Pork producers in the Midwest had great hope for 2020, in part because China was still rebuilding its swine herd after a devastating African swine fever outbreak. Still, the Sino-American trade war had barely cooled as the Phase 1 deal was signed early in the year, suggesting over-reliance on China could backfire.
“We’re leaving no stone unturned,” said Ted McKinney, U.S. Department of Agriculture undersecretary for trade and foreign agricultural affairs. “If we can sell an extra container of pork somewhere, that’s an extra container of pork that came from somebody’s farm or ranch and that’s what we want to do.”
McKinney says some trade bailout money went into developing new markets. He sees promise in a pending trade deal with Kenya and says other African and Southeast Asian countries are also on his radar.
He spoke during the “How pork exports can save your bacon” webinar sponsored by Agri-Pulse, an agricultural media service.
“This is a challenging time. It’s a challenging time to be a farmer and I can’t sugar-coat that,” said Jan Archer of Archer Farms in North Carolina. “We are so grateful for our international markets.”
Those markets can add more than $7 per head to the total price a farmer gets for a pig, said Dermot Hayes, an agricultural economist at Iowa State University. That’s because they complement the domestic consumers’ needs.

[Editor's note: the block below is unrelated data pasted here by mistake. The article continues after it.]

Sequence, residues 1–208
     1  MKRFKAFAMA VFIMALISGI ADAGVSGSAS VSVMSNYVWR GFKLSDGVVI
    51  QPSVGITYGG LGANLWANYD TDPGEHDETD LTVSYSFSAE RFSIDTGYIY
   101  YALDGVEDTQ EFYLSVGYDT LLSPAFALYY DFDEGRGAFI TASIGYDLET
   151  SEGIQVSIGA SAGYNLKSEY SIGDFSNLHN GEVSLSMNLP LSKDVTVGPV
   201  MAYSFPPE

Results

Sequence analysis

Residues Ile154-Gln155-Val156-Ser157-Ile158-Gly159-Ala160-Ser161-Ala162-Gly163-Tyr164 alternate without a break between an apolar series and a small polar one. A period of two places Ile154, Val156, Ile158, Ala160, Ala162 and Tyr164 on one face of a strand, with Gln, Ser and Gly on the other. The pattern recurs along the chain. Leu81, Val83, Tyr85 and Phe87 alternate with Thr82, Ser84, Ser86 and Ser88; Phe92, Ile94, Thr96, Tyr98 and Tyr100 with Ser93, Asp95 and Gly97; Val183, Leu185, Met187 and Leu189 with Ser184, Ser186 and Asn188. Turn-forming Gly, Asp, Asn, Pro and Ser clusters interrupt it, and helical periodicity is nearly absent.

“We like the middle parts of the animal, the loin, tenderloin, the rib and the belly,” Hayes said, “and are not big consumers of picnics or butts or hams.”
He says consumers overseas value those cuts along with the feet, ears, tongues, and offal.
“We need those export markets to eat the pieces that we’re not as interested in and in so doing, they reduce the break-even price of producing the loin, the rib and the belly for the American consumer,” he said.
In other words, the price of bacon here is kept lower by the demand for other parts of the pig in other places.
The pig herd in the U.S. is slightly bigger than this time last year, though a little smaller on August 1 than it was on June 1, according to the most recent USDA Hogs and Pigs report. That’s likely the result of disruptions in the industry in the spring as the pandemic spread. Farmers had been planning for a bigger year and then some had to divert pigs from the market when packing plants temporarily closed, while others may have slowed their breeding plans.
“Our exports this fall will continue to be strong. They were extremely strong last fall and I think we’ll meet that level and end up year-over-year about where we are now, at 70-80 percent increase in exports,” Hayes said. “Remember the headwinds we faced. Think how amazing that is, given what happened this year.”